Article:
Many of these pieces showcase Kimura’s use of subharmonics: a bowing technique that can take the violin to a whole octave below its G string. It’s not difficult to tell at which points this is being utilized. The violin cuts into guttural whirrs that sound like some sort of computer malfunction, emphasized by the slight pause that precedes each burst. Of course, there’s the chance that Kimura’s technical prowess in mastering this technique will be overlooked if it’s incorporated into these pieces as a glaring gimmick. Occasionally that’s the impression I get, but often her playing style allows for it to be integrated quite naturally.
Kimura seems to view her instrument not only as a compositional tool, but also as a sound source to be played with and pushed beyond its supposed boundaries – the “Six Caprices For Subharmonics” demonstrate this most effectively, with transitions in pitch and speed sending the music into an emotive dance, juxtaposing frenzied leaps and arpeggio flourishes with slower, more graceful movements. It’s during these pieces that the subharmonic element is less brash and frequent, and the moments at which the instrument does descend into an earthy subharmonic croak are well judged. Pieces like “Subharmonic Partita” don’t run quite as smoothly in my view, collapsing into jarring halts for the sake of incorporating notes below G.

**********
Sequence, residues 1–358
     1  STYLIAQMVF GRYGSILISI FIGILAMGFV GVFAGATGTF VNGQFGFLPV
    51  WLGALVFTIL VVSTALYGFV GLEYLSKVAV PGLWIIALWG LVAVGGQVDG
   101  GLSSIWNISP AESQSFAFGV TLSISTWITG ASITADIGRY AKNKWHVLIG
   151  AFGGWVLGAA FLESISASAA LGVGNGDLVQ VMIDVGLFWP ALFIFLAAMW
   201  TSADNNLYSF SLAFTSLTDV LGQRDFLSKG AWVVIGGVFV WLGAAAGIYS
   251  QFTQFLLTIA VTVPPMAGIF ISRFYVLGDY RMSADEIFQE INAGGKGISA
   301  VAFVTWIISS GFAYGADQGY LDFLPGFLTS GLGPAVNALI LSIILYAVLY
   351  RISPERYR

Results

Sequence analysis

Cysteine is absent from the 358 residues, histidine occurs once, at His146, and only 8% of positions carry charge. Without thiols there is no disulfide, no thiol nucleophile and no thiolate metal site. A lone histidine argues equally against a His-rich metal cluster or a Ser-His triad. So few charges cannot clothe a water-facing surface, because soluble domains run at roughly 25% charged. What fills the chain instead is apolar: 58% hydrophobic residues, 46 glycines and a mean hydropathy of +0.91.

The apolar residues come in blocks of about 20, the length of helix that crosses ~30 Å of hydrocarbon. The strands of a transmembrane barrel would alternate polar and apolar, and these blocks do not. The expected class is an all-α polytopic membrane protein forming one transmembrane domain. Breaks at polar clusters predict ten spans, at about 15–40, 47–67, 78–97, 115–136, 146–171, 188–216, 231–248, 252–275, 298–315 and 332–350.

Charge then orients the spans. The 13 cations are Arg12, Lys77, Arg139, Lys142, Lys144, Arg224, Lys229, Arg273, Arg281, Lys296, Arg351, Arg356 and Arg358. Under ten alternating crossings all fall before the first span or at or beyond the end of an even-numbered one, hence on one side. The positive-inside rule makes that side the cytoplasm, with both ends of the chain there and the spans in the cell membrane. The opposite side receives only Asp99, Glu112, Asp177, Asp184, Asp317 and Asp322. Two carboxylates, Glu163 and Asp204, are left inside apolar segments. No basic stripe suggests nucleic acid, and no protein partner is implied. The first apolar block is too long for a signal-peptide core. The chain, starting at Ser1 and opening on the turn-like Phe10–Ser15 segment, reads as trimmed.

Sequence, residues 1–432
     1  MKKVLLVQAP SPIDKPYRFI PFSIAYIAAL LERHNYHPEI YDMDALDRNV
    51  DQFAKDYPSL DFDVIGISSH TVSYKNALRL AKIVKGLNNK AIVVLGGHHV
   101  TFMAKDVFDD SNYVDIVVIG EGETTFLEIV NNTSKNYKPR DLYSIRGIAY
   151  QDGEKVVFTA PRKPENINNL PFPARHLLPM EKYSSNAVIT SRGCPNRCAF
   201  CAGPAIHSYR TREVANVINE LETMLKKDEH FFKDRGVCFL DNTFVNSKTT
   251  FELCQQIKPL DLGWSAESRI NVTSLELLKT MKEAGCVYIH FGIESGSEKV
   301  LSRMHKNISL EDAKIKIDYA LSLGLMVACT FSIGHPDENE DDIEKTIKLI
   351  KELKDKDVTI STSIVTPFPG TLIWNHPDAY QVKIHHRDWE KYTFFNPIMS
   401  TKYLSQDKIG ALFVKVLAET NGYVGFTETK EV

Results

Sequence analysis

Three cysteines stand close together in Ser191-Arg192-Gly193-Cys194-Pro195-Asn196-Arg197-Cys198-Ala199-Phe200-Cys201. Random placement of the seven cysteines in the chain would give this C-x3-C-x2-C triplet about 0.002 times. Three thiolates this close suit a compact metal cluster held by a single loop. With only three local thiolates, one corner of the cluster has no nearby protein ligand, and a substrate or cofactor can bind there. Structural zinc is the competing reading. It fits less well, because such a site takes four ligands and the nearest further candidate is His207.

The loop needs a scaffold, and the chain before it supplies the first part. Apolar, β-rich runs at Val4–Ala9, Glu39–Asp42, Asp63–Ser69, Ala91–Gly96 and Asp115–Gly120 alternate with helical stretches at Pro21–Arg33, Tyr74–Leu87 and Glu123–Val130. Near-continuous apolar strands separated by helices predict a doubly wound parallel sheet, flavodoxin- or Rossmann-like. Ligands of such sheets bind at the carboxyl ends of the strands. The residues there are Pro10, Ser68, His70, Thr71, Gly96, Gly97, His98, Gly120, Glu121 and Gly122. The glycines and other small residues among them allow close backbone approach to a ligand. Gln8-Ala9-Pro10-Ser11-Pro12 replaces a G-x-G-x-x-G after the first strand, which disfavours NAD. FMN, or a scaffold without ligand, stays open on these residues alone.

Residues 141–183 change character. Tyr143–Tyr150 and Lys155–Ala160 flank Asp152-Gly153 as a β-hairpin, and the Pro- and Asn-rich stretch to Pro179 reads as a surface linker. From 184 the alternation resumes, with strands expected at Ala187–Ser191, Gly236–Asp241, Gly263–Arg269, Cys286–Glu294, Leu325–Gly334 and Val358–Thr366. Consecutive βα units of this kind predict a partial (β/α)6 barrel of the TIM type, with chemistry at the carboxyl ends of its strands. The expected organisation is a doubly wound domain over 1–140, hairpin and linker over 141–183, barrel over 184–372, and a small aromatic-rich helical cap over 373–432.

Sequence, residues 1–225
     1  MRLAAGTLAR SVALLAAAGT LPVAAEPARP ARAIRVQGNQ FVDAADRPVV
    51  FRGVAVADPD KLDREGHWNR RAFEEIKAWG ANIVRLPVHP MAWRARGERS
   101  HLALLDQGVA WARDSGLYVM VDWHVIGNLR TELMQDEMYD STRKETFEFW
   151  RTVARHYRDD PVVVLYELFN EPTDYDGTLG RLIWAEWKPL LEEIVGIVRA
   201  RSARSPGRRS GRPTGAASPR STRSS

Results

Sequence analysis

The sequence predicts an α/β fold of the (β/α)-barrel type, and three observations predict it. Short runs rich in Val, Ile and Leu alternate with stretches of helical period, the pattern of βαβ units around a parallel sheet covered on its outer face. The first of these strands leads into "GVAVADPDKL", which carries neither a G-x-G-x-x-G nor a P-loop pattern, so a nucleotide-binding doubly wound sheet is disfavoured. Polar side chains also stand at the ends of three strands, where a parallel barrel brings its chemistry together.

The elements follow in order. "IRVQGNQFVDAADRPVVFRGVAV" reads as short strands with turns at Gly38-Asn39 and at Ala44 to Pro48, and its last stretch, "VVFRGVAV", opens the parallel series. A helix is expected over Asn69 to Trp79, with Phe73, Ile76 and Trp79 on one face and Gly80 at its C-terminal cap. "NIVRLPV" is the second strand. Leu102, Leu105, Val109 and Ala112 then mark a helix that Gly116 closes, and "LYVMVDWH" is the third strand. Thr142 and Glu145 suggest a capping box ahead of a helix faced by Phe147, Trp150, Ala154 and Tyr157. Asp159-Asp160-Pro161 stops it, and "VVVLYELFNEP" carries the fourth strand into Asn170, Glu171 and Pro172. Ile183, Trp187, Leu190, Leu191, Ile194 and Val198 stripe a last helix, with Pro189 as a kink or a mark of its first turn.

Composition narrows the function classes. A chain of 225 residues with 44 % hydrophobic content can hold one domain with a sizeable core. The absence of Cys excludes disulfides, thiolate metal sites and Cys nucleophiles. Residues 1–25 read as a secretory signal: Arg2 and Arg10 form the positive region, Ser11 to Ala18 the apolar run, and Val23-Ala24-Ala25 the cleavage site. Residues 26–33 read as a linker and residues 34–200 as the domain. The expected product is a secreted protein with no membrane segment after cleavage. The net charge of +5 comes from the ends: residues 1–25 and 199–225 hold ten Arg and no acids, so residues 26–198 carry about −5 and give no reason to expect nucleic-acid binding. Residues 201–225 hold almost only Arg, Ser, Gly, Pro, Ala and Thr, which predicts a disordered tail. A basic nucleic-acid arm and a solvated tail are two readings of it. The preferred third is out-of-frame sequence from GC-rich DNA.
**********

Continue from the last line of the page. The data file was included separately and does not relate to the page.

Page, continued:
Elsewhere, Kimura presents her compositions using violin and computer, twisting the sound of the violin into even more bizarre shapes. Glissandos are manipulated to cover unnatural pitch ranges, sliding in surreal slurps and occasionally becoming reminiscent of ghoulish, B-movie horror soundtrack (in a good way). The closing collaboration with vocalist Thomas Buckner is interesting, but perhaps a bit long at 8 minutes in length. Being a substantially more layered piece than the rest, it manages to fit in here rather effectively, though even the endlessly diverse, timbre-twisting abilities of both musicians begin to feel tiresome from 5 minutes onwards.
The compilation does well to highlight Kimura’s willingness to re-invent and experiment with her instrument, even if this can appear to descend into novelty on occasion. The World Below G And Beyond feels like a summary in a sense – a means of wiping the slate cleans before embarking on new work. I don’t know for sure whether this is the case or not, but I look forward to hearing how she chooses to stretch her instrument next.